Naturally, Tertullian identifies Jesus’ hometown as Nazareth. Nevertheless, I argued in my first book that the word “Nazareth” at Mk 1:9 is an interpolation:

The settlement is named only once in the Gospel of Mark, at 1:9 (other instances in the Greek text read Ιησου  Ναζαρηνε). The passage as it stands demonstrably conflicts with the remainder of the gospel, which locates Jesus’ home in Capernaum. (The Myth of Nazareth xiii)

So, what Tertullian reports about Marcion seems to agree with our earliest canonical gospel, Mark,  but to conflict with the information about Jesus’ hometown given in the other three gospels.

An innocent mistake?

Now let’s consider the following passage by Irenaeus of Lyon, writing a generation earlier than Tertullian, that is, about 180 CE:

Wherefore, when Joseph was convinced beyond all doubt, he both did take Mary, and joyfully yielded obedience in regard to all the rest of the education of Christ, undertaking a journey into Egypt and back again, and then a removal to Nazareth. Those who knew not the Scriptures nor the promise of God, nor the dispensation of Christ, at last called him the father of the child. For this reason, too, did the Lord Himself read at Capernaum the prophecies of Isaiah: The Spirit of the Lord is upon Me, because He has anointed Me; to preach the Gospel to the poor has He sent Me, to heal the broken-hearted, to preach deliverance to the captives, and sight to the blind. At the same time, showing that it was He Himself who had been foretold by Isaiah the prophet, He said to them: This day is this Scripture fulfilled in your ears. (Irenaeus, Against Heresies IV.23.1, emphasis added.)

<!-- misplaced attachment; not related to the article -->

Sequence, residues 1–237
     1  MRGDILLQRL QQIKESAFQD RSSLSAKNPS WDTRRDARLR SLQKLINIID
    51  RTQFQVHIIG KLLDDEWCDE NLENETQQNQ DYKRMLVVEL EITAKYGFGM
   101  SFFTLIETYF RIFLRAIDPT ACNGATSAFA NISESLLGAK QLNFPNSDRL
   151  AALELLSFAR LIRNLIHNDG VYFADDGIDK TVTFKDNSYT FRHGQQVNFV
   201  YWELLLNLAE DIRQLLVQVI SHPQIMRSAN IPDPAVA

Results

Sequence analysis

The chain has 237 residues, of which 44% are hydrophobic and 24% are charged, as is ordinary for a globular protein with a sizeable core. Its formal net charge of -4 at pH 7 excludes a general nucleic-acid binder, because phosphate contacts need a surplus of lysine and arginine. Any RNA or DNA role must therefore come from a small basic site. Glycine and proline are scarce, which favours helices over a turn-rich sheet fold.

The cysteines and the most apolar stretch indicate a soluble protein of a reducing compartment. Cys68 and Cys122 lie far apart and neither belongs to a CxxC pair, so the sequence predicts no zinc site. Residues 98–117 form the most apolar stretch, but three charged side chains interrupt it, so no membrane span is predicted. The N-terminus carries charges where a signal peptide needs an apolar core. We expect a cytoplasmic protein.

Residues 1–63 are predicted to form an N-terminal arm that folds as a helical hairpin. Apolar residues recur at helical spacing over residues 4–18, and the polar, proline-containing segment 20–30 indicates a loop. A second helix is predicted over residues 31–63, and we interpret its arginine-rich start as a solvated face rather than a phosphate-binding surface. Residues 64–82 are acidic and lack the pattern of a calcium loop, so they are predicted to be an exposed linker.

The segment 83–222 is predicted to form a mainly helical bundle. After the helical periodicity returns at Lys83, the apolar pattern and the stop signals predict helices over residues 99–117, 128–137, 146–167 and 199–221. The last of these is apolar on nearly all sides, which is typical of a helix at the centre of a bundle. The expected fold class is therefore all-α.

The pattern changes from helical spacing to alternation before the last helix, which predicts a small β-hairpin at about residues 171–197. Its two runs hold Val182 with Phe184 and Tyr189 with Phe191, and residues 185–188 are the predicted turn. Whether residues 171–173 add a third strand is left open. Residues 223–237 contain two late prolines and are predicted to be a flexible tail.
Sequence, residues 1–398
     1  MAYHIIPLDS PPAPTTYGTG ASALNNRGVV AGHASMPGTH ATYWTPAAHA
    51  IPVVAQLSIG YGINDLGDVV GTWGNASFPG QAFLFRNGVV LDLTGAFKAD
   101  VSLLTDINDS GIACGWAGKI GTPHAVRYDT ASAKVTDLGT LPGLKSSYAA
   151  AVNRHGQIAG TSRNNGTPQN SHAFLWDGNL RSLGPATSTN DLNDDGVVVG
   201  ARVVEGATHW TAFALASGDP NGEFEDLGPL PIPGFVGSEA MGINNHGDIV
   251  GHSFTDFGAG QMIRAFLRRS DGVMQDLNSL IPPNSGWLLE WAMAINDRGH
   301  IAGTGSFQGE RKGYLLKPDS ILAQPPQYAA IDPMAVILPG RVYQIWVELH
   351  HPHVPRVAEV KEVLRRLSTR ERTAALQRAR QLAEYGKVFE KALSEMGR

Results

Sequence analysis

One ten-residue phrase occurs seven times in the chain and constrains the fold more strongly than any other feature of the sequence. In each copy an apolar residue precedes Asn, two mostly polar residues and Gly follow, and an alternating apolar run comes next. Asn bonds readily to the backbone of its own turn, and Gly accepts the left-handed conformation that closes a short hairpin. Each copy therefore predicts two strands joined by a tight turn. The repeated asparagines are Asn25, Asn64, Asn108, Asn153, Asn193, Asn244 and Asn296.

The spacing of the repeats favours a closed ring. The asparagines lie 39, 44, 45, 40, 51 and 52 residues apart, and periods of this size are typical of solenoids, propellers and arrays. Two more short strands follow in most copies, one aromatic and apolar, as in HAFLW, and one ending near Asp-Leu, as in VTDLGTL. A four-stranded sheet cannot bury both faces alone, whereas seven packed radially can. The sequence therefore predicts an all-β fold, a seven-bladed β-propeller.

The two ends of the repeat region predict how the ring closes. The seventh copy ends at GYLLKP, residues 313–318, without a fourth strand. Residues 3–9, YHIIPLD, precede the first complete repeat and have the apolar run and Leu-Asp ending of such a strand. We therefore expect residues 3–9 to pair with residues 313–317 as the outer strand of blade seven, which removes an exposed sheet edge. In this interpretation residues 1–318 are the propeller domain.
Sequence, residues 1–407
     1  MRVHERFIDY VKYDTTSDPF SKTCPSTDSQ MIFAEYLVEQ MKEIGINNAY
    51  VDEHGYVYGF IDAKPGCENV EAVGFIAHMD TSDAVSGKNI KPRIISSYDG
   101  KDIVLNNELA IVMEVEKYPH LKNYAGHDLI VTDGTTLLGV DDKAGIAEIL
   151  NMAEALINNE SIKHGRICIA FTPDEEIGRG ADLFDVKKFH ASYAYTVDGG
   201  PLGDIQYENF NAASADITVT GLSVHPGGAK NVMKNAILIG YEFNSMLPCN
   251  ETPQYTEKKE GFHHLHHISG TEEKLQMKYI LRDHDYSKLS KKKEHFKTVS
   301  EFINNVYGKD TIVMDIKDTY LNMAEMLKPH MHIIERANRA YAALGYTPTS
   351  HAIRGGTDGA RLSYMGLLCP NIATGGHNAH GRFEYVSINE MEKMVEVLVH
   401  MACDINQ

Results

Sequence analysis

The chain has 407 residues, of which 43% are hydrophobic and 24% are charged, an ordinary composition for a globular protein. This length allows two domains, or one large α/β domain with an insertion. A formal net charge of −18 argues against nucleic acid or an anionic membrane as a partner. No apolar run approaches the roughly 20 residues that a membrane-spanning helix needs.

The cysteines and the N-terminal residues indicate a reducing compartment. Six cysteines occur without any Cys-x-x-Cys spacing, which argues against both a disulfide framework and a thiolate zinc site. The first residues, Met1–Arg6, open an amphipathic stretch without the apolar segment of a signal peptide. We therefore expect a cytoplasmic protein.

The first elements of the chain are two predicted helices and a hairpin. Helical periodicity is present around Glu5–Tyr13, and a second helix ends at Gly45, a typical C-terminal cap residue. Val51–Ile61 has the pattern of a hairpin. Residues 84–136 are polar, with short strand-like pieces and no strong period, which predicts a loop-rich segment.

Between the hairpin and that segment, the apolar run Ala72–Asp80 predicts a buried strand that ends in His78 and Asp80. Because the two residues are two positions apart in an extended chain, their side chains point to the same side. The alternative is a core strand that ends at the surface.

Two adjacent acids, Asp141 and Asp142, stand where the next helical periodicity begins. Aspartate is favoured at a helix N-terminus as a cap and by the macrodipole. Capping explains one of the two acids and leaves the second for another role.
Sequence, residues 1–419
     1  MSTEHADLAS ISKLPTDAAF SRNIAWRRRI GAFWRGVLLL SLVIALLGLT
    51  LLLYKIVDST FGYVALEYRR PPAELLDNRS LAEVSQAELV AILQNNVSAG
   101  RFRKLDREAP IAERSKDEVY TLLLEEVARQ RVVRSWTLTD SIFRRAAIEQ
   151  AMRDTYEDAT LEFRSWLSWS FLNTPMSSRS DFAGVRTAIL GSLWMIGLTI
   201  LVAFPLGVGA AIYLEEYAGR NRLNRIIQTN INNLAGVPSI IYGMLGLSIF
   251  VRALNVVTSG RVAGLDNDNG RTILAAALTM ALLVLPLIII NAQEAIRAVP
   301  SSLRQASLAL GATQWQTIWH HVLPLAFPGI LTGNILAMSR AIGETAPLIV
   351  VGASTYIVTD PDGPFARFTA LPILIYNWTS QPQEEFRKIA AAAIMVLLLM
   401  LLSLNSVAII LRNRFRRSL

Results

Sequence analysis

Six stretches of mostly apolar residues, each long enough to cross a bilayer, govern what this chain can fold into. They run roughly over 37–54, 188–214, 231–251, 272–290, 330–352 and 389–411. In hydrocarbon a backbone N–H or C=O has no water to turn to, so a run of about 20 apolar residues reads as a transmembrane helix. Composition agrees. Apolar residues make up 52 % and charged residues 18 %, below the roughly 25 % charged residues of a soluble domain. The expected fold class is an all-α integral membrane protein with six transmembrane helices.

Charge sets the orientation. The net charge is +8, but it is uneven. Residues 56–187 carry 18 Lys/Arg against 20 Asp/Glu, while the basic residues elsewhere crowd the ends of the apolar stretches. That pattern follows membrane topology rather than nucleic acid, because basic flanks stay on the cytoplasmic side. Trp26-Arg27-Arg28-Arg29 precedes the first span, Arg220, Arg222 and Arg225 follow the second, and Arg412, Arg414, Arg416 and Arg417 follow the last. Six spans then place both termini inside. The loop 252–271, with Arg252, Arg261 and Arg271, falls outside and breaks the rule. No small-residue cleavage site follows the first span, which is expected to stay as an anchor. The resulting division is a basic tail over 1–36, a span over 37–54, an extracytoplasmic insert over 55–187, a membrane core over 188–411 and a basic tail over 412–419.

A couple of points can be noted:
(1) Irenaeus knows the flight of the Holy Family to Egypt, and the return to Nazareth—which occurs only in Matthew 2:13–15 & v. 23.
(2) Irenaeus knows the account of Jesus reading in the synagogue, an account that takes place only in the Gospel of Luke. But, according to Irenaeus that reading took place in Capernaum, not Nazareth.

What are we to make of this discrepancy? Long ago, on the internet forum CrossTalk 2, I pointed out that the evangelist Luke has a strident anti-Capernaum stance. Luke roundly curses Capernaum: “And you, Capernaum, will you be exalted to heaven? You shall be brought down to Hades” (Lk 10:15 // Mt 11:23). In a lengthy message (#3857, Dec. 2, 1998) I analyzed the account in Lk 4:16–30 as an expansion of Mk 6:1–6 and Mt. 13:53–58, passages where Jesus is unable to do many wonders “in his own country.” In Luke’s hands, any notion that Jesus hailed from Capernaum is quashed—not only does Luke curse Capernaum, but at Lk 4:24 (while in Nazareth!) Jesus famously says “No prophet is acceptable in his own country.”